The remarks were during the second meeting of the Libyan constitutional committee comprising delegations from the North African country’s House of Representatives and High Council of State in Egypt on Tuesday.
The meeting is part of the United Nations (UN) led-talks to discuss the constitutional arrangements for the hoped-for national elections scheduled for next December.
It is also part of a roadmap delineated by the Libyan Political Dialogue Forum (LPDF), run by the UN mission in the oil-rich country, with the aim of forming a new executive authority in the country to organise the elections next December.
During the LPDF talk held in November, Acting UN envoy for Libya Stephanie Williams announced that rival Libyan groups agreed to hold presidential and parliamentary elections by the end of this year as well as concurred on the need to form a transitional government to be responsible for the preparations for the elections.
Addressing Tuesday’s meeting via video conference, Stephanie Williams reiterated the need to agree on the constitutional arrangements given its connection with the outcomes of other tracks to settle the crisis.
“If you fail to reach an agreement, this will have very negative repercussions on other tracks, including security and the economic situation. Therefore, you have a great responsibility to reach a consensus on the constitutional arrangements.”
The talks are part of a wider peace process which involves a military ceasefire signed in October in Geneva to end years of unrest, in addition to other economic tracks.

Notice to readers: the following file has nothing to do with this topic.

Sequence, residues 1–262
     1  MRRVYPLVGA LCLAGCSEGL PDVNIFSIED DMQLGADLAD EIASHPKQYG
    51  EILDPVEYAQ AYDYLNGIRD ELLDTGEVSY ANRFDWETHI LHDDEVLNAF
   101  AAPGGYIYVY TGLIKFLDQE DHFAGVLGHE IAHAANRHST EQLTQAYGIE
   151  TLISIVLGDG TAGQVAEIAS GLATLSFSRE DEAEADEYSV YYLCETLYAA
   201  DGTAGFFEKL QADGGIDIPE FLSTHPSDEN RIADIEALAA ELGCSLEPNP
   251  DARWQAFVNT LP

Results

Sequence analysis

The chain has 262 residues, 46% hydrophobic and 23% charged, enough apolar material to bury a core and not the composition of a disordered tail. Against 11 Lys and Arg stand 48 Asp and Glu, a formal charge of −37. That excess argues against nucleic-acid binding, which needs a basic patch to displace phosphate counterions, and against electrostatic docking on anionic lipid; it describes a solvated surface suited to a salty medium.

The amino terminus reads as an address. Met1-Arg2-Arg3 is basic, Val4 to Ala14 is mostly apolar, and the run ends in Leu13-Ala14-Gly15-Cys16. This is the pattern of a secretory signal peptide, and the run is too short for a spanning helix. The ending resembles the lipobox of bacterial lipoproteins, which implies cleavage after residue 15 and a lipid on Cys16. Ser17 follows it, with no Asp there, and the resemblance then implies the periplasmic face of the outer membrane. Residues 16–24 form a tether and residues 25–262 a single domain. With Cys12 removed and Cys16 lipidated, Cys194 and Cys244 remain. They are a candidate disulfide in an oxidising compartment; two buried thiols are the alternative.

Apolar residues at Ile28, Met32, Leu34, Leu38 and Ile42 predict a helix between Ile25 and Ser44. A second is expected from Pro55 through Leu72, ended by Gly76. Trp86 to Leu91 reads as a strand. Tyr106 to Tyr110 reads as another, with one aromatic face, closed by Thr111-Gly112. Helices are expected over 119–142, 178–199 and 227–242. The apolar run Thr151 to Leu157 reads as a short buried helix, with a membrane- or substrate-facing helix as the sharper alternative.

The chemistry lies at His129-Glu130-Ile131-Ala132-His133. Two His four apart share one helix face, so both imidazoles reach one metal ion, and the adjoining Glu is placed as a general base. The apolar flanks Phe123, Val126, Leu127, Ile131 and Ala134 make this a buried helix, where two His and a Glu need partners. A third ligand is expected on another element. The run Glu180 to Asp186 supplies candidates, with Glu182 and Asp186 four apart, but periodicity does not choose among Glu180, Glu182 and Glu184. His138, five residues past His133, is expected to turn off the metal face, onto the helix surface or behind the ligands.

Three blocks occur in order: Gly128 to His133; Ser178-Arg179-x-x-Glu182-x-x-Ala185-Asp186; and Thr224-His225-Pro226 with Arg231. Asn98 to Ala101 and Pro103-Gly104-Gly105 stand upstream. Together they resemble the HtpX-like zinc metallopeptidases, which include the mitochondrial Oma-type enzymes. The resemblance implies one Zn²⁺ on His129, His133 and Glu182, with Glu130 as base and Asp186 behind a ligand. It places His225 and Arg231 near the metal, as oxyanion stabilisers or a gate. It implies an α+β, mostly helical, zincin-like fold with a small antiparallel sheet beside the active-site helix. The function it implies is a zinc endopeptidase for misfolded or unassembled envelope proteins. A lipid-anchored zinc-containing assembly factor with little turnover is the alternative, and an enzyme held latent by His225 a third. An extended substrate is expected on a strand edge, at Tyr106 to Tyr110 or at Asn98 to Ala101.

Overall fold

“You have a heavy responsibility to reach a consensus on the constitutional arrangements,” she stressed, expressing her hope that the talk will produce positive results to help achieve stability and support the results of the LPDF.
Also, the UN envoy praised Egyptian efforts to resolve the Libyan crisis and the Egyptian leadership’s keenness to stabilise Libya.
The Red Sea resort city of Hurghada is hosting the second meeting of the constitutional committee, almost three months after hosting its first meeting, in which the participants stated the need to end the transitional phase and move forward towards a permanent phase to make the Libyan people’s aspirations come true.
Egypt’s efforts come in light of the Egyptian political leadership’s keenness to end the suffering of the Libyan people and lay the foundations for Libya’s future constitution.
No single government has had full control over the oil-rich country since 2011 when former leader Muammar Gaddafi was killed.
The country has since been ruled by two administrations, one in the east, represented by the House of Representatives, and the second in the west, represented by the Government of National Accord.
Egypt has been pushing for a political settlement in Libya and calling for a ceasefire, a complete withdrawal of militias, and a halt to foreign intervention in the country, as well as a fair distribution of wealth.
Egypt proposed last summer a peace initiative dubbed the Cairo declaration, which was based on the conclusion of the Berlin conference. It proposed a ceasefire as well as the election of a leadership council.
Read the original article onAhram Online